Maartens’ debut was in 1885, when he produced an English-written and conventional volume of poetry named “The Morning of a Love and Other Poems.” Subsequent to this first bundle, he wrote two other poetic dramas. He became more well-known with the publication of “The Sin of Joost Aveling (1889)”, which is also written in English, but this story takes place in Holland. His real breakthrough came with his in 1892 written novel: “God’s Fool”. Between 1885 and 1914, Maarten wrote 14 novels, a bunch of short stories, a few volumes of poetry and some plays. His very last bundle is called “Gedichten”, which was written in 1914 under the alias “Joan van den Heuvel.”
All Maarten’s work was produced by English publishers, leaving him relatively unknown in Dutch literary circles; his work was not that well known in the Netherlands. Why did he choose to write in English? In his first volume of poetry he responds to that question: “I have dared to write in the language I love best”. This statement did not add to his popularity is his home country; he became famous in the UK, America and Germany, but the Dutch people stayed quite ignorant of Maarten Maartens. He called himself Maarten Maartens he says, “merely because it was an alias with a Dutch look that English readers might possibly be able to pronounce.”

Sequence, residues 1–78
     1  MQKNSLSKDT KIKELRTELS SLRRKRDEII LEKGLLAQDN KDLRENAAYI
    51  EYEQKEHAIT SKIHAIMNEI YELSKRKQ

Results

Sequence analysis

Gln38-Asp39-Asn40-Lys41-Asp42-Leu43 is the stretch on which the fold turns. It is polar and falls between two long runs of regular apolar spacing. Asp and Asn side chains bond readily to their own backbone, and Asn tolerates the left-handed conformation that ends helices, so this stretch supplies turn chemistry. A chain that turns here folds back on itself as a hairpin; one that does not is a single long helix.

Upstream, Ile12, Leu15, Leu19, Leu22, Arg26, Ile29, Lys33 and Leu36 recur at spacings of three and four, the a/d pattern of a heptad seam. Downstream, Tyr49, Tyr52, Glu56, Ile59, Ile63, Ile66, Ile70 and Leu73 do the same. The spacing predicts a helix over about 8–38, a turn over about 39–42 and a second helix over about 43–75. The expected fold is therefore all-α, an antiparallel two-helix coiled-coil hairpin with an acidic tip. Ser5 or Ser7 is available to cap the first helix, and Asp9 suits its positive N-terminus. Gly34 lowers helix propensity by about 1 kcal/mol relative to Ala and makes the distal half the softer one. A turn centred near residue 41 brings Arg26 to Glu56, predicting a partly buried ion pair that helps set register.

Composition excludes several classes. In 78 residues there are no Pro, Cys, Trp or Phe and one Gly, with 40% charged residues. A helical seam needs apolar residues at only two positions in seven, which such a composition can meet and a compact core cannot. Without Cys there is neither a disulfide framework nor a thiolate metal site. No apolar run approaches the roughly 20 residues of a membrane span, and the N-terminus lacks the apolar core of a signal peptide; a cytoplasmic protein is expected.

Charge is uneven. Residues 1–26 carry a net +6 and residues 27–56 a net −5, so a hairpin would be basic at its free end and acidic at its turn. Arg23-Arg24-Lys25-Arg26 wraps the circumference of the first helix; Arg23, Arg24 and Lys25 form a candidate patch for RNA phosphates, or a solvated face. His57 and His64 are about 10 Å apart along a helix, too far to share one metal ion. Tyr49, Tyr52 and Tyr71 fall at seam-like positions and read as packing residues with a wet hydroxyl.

About His Work
Like mentioned before, Maarten wrote 14 novels, a bunch of short stories, a few volumes of poetry and some plays. In honour of this memorial the Dutch publisher Meulenhoff issues a reprint of the novel “God’s Fool”, which accounted for Maarten’s breakthrough and international success.
His grand-nephew John Schwartz published the summarizations of his novels this summer for the purpose of the 100-year commemoration. They are available at Amazon.